Afghanistan mosque attack: At least 29 Shia worshippers killed in Gardez
Two burka-clad men have killed 29 people and injured more than 80 in a suicide attack on a Shia mosque in Afghanistan, an official told the BBC.
The men struck with guns and explosives as people were attending Friday prayers in the eastern city of Gardez, Paktia province spokesman Abdullah Asrat said.
There are a number of children among the victims, he added.
The Taliban has denied it carried out the attack, and no other group has claimed responsibility.
The militant group Islamic State has previously claimed responsibility for attacks on Shia mosques and other locations around Afghanistan.
It is under growing pressure from US air strikes and Afghan ground offensives. In many areas it is also fighting the Taliban.
Mr Asrat told the BBC the two men entered the mosque wearing full-face veils at about 13:30 local time (09:30 GMT).
They then opened fire on the worshippers, before one of the men was shot dead by security forces.
According to one eyewitness, the other assailant then made his way into a hall where people were hiding, and blew himself up.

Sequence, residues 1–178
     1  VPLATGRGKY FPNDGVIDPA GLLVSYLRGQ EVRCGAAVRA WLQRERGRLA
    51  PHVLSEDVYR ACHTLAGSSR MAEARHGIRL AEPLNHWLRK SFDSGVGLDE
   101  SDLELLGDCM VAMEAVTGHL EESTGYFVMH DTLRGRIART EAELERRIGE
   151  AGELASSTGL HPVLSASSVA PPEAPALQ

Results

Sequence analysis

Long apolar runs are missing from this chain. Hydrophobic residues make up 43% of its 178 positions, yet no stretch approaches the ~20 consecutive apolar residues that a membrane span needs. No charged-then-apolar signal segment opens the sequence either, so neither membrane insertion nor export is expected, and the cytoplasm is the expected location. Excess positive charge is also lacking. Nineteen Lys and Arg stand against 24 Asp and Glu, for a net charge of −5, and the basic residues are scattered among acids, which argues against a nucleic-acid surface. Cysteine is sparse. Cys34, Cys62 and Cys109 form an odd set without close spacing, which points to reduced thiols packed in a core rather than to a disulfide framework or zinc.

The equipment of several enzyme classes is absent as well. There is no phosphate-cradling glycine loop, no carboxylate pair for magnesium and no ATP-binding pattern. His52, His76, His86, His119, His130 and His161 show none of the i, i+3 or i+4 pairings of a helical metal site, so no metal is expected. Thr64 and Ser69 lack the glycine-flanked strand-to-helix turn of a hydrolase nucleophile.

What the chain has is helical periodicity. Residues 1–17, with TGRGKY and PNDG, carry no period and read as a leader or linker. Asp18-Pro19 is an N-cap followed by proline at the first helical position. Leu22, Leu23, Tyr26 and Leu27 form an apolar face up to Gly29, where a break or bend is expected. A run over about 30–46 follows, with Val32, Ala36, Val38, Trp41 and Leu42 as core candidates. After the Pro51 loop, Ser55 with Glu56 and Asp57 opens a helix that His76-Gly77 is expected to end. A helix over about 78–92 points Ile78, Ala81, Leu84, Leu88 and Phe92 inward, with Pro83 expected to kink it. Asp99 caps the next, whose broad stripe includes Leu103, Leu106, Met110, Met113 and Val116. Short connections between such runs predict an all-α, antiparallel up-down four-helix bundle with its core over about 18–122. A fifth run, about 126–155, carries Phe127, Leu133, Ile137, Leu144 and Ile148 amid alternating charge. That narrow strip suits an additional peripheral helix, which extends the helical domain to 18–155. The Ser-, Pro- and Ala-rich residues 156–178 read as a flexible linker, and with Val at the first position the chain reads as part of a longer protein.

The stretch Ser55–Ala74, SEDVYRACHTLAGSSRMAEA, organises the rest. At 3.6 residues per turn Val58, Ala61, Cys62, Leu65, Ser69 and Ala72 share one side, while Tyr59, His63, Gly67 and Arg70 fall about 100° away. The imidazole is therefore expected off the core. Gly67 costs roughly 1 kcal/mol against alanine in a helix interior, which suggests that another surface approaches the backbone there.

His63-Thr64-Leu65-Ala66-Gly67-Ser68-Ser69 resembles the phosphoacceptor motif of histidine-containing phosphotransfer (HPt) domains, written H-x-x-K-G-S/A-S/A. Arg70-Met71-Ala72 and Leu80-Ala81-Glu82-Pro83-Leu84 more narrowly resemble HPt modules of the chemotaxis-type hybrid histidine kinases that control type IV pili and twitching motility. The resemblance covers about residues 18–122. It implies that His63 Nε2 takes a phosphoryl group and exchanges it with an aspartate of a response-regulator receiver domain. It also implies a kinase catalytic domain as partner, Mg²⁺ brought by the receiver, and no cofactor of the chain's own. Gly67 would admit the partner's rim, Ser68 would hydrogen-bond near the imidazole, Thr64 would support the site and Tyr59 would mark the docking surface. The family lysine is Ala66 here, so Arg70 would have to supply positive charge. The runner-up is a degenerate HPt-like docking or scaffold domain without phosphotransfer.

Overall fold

Sayed Naimatullah, 30, heard the attack from his home, and rushed to the scene.
"The blood of the worshippers had painted the walls of the mosque... There were pieces of glass scattered all over," he told news agency AFP.
This is the latest in a series of attacks on cities across the country.
On Tuesday, at least 15 people were killed in an IS-claimed attack on a refugee office in Jalalabad, north-east of Gardez. On the same day 11 people were killed in the western province of Farah when a bus was hit by a roadside bomb in what was believed to be a Taliban attack.
The same day, 22 people were abducted by unknown assailants from vehicles on a highway linking Kabul and Gardez.
Nearly 1,700 civilians were killed in the first half of this year, the UN says, the highest total recorded for the period since counting began in 2009.